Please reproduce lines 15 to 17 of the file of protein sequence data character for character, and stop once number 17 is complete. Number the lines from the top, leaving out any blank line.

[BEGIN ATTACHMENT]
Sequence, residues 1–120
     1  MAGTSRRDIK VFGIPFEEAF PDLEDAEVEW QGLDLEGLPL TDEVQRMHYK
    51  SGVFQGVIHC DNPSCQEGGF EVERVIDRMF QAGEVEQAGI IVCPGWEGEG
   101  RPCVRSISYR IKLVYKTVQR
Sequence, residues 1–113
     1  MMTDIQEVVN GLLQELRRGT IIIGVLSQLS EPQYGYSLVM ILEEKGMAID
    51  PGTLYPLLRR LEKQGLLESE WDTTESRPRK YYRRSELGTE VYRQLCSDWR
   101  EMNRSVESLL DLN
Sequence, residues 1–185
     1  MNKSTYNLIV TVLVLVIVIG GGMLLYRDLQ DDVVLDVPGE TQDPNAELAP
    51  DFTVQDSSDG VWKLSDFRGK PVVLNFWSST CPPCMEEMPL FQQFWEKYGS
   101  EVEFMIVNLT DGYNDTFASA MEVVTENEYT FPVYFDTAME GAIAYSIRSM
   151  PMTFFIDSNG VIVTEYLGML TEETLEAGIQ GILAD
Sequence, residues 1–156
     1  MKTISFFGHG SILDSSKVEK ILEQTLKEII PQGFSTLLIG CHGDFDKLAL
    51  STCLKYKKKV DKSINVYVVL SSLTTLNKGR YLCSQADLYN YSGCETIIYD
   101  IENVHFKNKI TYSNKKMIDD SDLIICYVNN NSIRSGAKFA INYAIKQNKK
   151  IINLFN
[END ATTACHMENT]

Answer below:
     1  MKTISFFGHG SILDSSKVEK ILEQTLKEII PQGFSTLLIG CHGDFDKLAL
    51  STCLKYKKKV DKSINVYVVL SSLTTLNKGR YLCSQADLYN YSGCETIIYD
   101  IENVHFKNKI TYSNKKMIDD SDLIICYVNN NSIRSGAKFA INYAIKQNKK